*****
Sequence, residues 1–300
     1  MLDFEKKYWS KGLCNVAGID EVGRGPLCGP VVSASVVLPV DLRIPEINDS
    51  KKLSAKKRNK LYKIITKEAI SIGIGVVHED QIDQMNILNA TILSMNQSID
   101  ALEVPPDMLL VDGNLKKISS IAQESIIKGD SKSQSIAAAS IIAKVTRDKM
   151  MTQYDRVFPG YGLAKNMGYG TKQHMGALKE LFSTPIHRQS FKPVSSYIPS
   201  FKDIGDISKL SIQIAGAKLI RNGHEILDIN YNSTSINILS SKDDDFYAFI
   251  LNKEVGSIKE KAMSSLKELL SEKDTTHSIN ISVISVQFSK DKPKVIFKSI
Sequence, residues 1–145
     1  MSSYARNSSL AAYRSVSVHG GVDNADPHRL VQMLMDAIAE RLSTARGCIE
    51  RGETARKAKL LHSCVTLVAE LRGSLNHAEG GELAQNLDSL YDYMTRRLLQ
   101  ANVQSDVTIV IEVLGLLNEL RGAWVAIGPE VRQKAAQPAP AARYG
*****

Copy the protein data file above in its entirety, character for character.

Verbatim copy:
Sequence, residues 1–300
     1  MLDFEKKYWS KGLCNVAGID EVGRGPLCGP VVSASVVLPV DLRIPEINDS
    51  KKLSAKKRNK LYKIITKEAI SIGIGVVHED QIDQMNILNA TILSMNQSID
   101  ALEVPPDMLL VDGNLKKISS IAQESIIKGD SKSQSIAAAS IIAKVTRDKM
   151  MTQYDRVFPG YGLAKNMGYG TKQHMGALKE LFSTPIHRQS FKPVSSYIPS
   201  FKDIGDISKL SIQIAGAKLI RNGHEILDIN YNSTSINILS SKDDDFYAFI
   251  LNKEVGSIKE KAMSSLKELL SEKDTTHSIN ISVISVQFSK DKPKVIFKSI
Sequence, residues 1–145
     1  MSSYARNSSL AAYRSVSVHG GVDNADPHRL VQMLMDAIAE RLSTARGCIE
    51  RGETARKAKL LHSCVTLVAE LRGSLNHAEG GELAQNLDSL YDYMTRRLLQ
   101  ANVQSDVTIV IEVLGLLNEL RGAWVAIGPE VRQKAAQPAP AARYG